Rachel Bomberger is Internet marketing manager at Eerdmans. She loves reading, writing, and . . . actually, that’s it for this time. She hates using the words “child” and “violence” in the same sentence.
* * *
Glancing over the list of forthcoming EBYR titles, my eye catches on two novels for young readers: Becoming the Wolf and Son of a Gun.
Hmm . . . I think to myself, “Becoming the Wolf” feels a little dark, but “Son of a Gun” sounds like it might be fun . . . even folksy, maybe.
Wrong. And wrong.
“Becoming the Wolf” turns out to be the working title for the quirky romp through Fairy Tale Land that will later be published as Big Bad Sheep.
It doesn’t take me more than a few paragraphs (and a quick glance at the AK-47-toting youngster on the cover) to realize that, of the two novels, Son of a Gun is the dark one.
* * *
“Can you imagine it?”
This is how Anne de Graaf opens her author’s preface.
“Can you imagine it? Children walking around with weapons? Children who are forced to hurt other children, children who are forced to defend their country?”
I’ve never wanted to imagine it, I think, but I’m a little afraid that I may be about to start imagining it.
I meet the characters — sister Nopi and brother Lucky — who take turns telling their story: a story about children kidnapped from school and made to become child soldiers in Liberia’s civil war.
“Do you wonder who this boy is? This boy who is telling you this story? This boy is my brother. And me, I’m his sister. I’m two years older. He was born in 1988 and I was born in 1986. When he was still a baby the war started, near the end of 1989. The first wartime. That makes him eight years old at the beginning of this story, and I’m ten.”
Oh, how my heart aches! My oldest child is now seven. To imagine a little boy barely more advanced in years than my own beloved daughter knowing nothing but war his whole life — it tears me up inside. I can tell that this is going to be a hard book to read.
* * *
If I’m being completely honest, I must admit that the first time I start this book, I don’t get far before I lay it aside. The first few pages leave me feeling raw and shaky, and I know I will have to build up my courage before I plunge more deeply into it.
Finally, weeks later, I feel I’m as ready as I’ll ever be, and — as quickly as I can — I whip through it, feeling for all the world like someone sprinting through a hailstorm.
* * *
It’s not that Son of a Gun is horrifyingly graphic, or that it’s riddled with gratuitous scenes of violence and brutality — it isn’t really. Compared to a book like The Hunger Games (which I also read recently), de Graaf’s writing feels pretty restrained, especially considering her difficult subject matter.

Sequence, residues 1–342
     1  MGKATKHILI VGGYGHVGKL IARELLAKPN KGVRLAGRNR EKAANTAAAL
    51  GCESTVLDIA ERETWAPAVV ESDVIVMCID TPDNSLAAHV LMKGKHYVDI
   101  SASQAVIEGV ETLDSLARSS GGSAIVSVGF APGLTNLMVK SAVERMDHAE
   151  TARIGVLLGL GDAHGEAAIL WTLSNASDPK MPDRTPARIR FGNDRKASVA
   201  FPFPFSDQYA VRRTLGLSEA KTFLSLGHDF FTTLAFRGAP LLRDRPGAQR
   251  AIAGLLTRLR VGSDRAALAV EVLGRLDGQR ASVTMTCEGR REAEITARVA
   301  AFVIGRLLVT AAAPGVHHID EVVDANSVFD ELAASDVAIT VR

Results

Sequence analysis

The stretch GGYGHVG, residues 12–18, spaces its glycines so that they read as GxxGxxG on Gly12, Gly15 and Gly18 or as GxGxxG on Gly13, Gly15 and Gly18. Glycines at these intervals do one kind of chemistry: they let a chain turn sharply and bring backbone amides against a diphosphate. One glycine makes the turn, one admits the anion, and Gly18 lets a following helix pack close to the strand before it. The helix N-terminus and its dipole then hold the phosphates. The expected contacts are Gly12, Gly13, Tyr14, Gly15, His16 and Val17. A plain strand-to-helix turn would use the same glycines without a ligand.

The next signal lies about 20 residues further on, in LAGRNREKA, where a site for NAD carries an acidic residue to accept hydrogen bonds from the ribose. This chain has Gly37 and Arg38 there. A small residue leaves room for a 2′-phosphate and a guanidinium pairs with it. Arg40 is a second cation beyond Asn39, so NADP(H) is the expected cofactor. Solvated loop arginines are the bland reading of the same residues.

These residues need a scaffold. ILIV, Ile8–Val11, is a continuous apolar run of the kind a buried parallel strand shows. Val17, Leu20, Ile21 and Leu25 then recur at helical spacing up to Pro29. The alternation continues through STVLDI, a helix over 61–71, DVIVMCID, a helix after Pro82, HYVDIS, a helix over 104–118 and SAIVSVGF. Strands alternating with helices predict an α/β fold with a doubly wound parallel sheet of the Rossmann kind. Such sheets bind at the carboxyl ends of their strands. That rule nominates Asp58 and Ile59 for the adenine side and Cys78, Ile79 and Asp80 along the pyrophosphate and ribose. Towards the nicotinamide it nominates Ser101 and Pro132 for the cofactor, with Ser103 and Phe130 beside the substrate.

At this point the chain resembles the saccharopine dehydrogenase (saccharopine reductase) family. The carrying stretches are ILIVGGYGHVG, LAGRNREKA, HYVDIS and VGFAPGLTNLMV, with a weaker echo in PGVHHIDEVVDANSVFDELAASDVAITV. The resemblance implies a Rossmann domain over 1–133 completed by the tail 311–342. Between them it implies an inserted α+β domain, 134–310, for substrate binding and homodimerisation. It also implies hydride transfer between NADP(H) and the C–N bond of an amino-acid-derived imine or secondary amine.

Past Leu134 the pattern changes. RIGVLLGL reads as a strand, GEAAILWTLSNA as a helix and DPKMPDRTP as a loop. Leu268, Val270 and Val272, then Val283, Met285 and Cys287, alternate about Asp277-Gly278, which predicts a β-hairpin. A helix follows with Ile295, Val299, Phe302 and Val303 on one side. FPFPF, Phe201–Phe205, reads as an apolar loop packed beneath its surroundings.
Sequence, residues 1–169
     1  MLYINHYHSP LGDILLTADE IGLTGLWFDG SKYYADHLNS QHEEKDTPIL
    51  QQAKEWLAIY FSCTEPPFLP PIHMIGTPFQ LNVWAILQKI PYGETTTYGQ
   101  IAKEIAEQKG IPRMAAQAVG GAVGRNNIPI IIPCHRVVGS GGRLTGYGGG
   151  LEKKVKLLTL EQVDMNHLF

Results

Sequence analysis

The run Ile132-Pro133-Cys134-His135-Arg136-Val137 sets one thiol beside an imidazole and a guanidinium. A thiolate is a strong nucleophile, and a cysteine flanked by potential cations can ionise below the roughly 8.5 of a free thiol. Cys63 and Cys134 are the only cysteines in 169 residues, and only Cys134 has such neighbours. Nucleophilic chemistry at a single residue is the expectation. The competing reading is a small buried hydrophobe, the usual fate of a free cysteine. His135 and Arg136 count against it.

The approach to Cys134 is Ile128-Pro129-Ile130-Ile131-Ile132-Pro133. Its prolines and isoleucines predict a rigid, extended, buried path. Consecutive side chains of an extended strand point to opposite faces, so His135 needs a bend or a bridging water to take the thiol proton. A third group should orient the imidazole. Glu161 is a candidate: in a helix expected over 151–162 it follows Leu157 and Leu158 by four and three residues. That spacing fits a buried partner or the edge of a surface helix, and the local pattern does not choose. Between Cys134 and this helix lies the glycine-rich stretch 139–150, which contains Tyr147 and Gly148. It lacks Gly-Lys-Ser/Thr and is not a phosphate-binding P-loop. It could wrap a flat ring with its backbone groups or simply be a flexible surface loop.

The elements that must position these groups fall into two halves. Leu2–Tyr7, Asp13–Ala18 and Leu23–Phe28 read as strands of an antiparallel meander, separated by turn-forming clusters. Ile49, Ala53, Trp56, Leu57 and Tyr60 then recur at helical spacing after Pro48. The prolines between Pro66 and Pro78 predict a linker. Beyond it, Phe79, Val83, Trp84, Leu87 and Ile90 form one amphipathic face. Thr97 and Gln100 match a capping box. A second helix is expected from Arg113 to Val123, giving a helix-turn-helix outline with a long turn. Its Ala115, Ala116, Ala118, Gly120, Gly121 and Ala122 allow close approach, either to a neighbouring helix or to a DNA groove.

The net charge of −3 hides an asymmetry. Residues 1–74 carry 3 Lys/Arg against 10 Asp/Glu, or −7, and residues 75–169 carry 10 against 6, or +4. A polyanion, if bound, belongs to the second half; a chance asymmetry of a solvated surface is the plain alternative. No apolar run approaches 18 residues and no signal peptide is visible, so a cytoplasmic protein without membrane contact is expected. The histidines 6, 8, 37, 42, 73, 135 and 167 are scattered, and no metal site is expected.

It’s Lucky and Nopi that grip at my heart. I can hear their voices in my head, see their smiles. I can feel their pain, their fear, and their despair. I love them instantly and deeply, and it hurts me to read about their suffering.
Anne de Graaf understands what I’m feeling.
“Parts of this story will be a little hard to read,” she says. “These parts were hard to write, too! I still hear the actual voices of the young people who told me these things. Everything described in this story really did happen.”
I think that maybe her words make the story hurt even more. I don’t want to know that all this isn’t just the brainchild of some author’s overactive imagination — to know that real, precious children have really endured atrocities like these.
As much as it hurts, though, I guess I’d rather know than not know. And when it comes down to it, I guess I’d rather that my children know than not know.
Part of me, of course, wants desperately to shelter them the painful subject matter of this book. But another part of me looks around with concern at their childhood culture — somehow full already of ninja assassins, flesh-eating zombies, giant killer robots, and other violent things. (Don’t ask me where they find them all.) That part of me wants them to read Lucky and Nopi’s story and understand rightly what violence is, and what it does.
I want them to love Nopi and Lucky as I love them, to recoil at the thought of them being forced to hurt and kill other children — and to end the story, as I did, by whispering a solemn, angry promise to all children everywhere: “NEVER! NEVER AGAIN!”
* * *
Presenting a book like this to the reading public is, you might say, a tricky proposition. It just doesn’t seem to fit into any of our established molds.
For starters, whom should we even identify as the appropriate audience?
Our earliest marketing materials say it’s intended for kids aged eight to twelve. After all, the kids in the story are eight and ten, and the book is relatively short and easy to read.
That doesn’t go over too well with early reviewers, though. Most of them feel the book is too heavy, its themes too grown up for such young children. (I suppose I can relate, since I don’t plan to introduce it to my own children until they’re a little older.)
So — not eight to twelve. . . . Twelve and up, then?
Should we try to market it to specifically Christian audiences? Anne de Graaf is a Christy Award-winning novelist whose work is well known in evangelical circles, but this isn’t exactly what you’d call a religious book.
When it comes down to it, I suppose all any of us can do is what I’ve done here: tell you about this painful, powerful, ultimately even hopeful book and let you decide who should read it.